Get the Most Out of Your Pilates Practice
By Katherine Campbell, Certified Pilates Instructor
It’s that time of year again. Want a quick solution that will help you relax tension in your body and help release stress from your mind? Try breathing. Yep, plain old inhale and exhale. There are good reasons that we start every session in Pilates with breath practice.
First, you have to breathe to live. You might have noticed that your body does it automatically. What you might not notice is perhaps you are not breathing deeply during the course of your day. Stop yourself periodically and check. Tense and tight anywhere? You might be breathing shallowly or wasting energy by lifting your shoulders. Breathing properly, which you can train yourself to do with Pilates, encourages effective oxygenation and increased circulation of the blood. This is one of the reasons that instructors start every session in Pilates with breath practice, and why we cue it constantly during your session.
Breath helps focus the mind on each task. Have you ever taken a deep breath to calm yourself when faced with a tough presentation at work or when dealing with a truculent teenager? The clarity that follows is one of the benefits of taking the time to “count to 10” with a few deep breaths. The Pilates Hundred exercise is a great example of how to combine breath and focus, and it is no coincidence that it is one of the first exercises we perform in a Pilates class.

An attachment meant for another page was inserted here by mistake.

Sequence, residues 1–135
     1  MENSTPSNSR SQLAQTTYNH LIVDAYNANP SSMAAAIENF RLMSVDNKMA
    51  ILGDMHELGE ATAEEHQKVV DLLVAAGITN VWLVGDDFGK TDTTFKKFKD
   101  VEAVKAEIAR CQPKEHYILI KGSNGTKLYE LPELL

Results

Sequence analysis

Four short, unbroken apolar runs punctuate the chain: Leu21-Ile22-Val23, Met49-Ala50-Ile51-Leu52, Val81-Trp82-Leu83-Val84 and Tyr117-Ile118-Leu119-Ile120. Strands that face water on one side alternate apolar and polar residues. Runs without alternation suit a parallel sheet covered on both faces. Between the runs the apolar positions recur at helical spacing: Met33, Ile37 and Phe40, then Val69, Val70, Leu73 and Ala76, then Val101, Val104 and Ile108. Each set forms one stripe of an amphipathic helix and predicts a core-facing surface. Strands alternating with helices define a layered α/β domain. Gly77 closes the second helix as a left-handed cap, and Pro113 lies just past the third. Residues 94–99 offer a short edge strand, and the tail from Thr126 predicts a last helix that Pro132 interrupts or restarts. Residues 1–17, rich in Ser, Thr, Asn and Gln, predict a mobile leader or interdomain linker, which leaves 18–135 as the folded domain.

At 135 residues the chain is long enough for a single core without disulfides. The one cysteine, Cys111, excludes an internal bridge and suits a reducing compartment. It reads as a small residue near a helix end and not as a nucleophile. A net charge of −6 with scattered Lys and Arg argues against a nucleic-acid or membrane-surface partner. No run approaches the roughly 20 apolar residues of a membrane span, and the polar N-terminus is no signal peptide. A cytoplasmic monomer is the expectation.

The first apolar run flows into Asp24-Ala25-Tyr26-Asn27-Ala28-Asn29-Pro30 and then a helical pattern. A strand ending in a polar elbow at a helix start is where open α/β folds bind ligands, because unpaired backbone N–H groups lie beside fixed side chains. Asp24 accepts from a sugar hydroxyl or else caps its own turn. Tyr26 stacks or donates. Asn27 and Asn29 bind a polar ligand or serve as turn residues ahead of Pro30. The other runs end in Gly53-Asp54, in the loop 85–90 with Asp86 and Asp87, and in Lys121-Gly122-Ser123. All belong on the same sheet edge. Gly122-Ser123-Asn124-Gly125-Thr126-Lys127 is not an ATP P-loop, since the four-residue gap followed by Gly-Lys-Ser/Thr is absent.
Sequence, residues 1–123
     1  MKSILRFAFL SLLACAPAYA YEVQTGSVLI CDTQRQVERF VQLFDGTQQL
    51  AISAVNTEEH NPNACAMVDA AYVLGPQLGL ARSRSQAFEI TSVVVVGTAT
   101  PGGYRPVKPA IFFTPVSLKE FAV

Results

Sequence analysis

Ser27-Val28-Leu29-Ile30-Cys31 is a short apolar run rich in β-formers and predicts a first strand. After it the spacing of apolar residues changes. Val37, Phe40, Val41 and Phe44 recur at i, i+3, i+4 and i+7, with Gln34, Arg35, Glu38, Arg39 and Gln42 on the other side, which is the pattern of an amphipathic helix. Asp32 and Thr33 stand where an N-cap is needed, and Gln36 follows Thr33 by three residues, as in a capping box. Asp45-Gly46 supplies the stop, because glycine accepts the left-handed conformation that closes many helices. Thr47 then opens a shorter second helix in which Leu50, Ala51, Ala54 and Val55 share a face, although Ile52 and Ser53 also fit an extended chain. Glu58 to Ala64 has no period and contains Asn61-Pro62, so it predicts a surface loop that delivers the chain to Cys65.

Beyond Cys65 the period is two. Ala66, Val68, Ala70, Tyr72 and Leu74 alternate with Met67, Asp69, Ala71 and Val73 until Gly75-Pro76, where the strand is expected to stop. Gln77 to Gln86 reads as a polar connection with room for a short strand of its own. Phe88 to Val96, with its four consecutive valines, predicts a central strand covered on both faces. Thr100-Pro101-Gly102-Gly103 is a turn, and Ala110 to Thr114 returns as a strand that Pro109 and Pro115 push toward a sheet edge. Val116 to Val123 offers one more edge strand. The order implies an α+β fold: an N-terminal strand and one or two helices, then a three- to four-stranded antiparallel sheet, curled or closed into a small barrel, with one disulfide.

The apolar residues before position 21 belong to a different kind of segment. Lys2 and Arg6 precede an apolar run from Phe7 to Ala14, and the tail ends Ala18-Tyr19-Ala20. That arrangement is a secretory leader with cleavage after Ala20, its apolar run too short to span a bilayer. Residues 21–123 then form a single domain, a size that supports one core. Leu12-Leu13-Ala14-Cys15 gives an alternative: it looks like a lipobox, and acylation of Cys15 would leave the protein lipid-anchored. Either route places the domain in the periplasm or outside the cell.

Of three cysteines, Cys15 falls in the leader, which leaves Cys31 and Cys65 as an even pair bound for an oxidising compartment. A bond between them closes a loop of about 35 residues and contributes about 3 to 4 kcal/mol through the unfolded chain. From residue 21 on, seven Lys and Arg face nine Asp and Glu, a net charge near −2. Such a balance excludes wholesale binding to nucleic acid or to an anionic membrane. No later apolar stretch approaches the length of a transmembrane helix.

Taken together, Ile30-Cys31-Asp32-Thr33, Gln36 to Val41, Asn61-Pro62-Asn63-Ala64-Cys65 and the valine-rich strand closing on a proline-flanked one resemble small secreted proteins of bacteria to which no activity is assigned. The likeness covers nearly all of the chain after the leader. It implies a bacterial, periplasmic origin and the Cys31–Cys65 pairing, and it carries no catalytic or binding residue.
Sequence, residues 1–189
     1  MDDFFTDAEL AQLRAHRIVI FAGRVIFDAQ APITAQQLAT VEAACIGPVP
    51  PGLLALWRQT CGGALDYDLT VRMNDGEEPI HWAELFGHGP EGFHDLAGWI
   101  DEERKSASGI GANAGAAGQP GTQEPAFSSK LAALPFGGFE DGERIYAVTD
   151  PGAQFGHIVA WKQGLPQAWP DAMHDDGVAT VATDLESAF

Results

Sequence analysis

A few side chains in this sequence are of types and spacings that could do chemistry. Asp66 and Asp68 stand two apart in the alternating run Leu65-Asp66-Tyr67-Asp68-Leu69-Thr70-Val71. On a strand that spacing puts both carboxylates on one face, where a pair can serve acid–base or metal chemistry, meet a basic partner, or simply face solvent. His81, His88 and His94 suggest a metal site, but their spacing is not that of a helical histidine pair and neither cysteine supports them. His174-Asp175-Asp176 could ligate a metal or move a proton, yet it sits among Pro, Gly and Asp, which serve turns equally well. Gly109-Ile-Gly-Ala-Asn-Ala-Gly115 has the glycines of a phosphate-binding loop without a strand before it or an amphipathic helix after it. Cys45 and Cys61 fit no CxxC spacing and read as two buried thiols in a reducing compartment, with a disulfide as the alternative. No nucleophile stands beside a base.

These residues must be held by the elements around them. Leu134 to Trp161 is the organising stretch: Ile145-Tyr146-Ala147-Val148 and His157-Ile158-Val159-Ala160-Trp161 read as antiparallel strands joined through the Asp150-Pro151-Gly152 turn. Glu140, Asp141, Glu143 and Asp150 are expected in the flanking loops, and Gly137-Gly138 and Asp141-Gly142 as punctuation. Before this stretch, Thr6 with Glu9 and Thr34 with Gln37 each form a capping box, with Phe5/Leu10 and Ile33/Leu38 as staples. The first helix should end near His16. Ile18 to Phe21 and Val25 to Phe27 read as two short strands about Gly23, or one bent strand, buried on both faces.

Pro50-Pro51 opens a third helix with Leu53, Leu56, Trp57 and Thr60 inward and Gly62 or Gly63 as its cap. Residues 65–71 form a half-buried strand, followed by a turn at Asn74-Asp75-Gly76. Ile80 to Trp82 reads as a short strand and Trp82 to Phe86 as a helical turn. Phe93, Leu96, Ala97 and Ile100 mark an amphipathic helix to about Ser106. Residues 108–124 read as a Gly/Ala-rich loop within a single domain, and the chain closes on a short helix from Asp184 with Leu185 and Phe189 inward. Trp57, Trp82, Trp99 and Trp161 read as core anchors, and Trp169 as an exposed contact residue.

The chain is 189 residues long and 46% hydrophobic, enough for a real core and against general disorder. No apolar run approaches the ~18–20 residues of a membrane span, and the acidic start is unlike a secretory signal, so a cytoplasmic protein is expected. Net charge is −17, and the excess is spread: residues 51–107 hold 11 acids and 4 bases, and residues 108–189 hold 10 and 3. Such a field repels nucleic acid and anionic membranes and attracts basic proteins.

Exhaling deeply can also help activate the deep support muscles (transverse abdominis, multifidus, and pelvic floor muscles) of the low back and pelvis, while moving the diaphragm and ribcage for additional support. Activate the diaphragm and these three sets of muscles for your “core-tet” of support. In all Pilates exercises, breath and awareness of stabilization should precede all movement for the exercise to be most stable, efficient, and effective.
Exercises to Try at Home
1. Notice your natural breath pattern. Where does the air go? How long does it take for you to breathe in and out comfortably? Are your shoulders lifting?
2. Breathe while sitting up hugging your knees or while lying on your back with your knees bent and feet flat on the floor. Concentrate on sending your air in to your back and sides of your ribcage. Try to breathe in through your nose and out through your mouth through softly pursed lips (like trying to gently frost a mirror with your breath.)
3. Breathe while holding your pelvis in neutral spine (three natural curves present). Make sure to send air to the sides of the ribs and back so that abdominals do not lift on Inhale. Deepen the contraction of the transverse abdominals on Exhale. Do not shift the position of the pelvis while you contract or release.
4. Rocking Pelvis: Lie on your back, knees bent, neutral spine. Place a towel behind your head for support, if needed. Inhale to maintain a neutral pelvis, Exhale to contract abdominals and imprint spine, Inhale to maintain the imprinted position, Exhale to return to neutral. Repeat several times. You can also try lifting one or more of your legs off the floor to test the stability of your imprint.
Adapted from “The Five Basic Principles” by STOTT PILATES®
All content used with permission.
Katherine Campbell is a STOTT PILATES® Certified Instructor with over thirty years experience in the health and fitness field. She is the owner of Springs Pilates, a fully equipped therapeutic Pilates studio located in the San Francisco Bay Area. You can reserve a Pilates personal training session with Katherine at www.springspilatespleasanton.com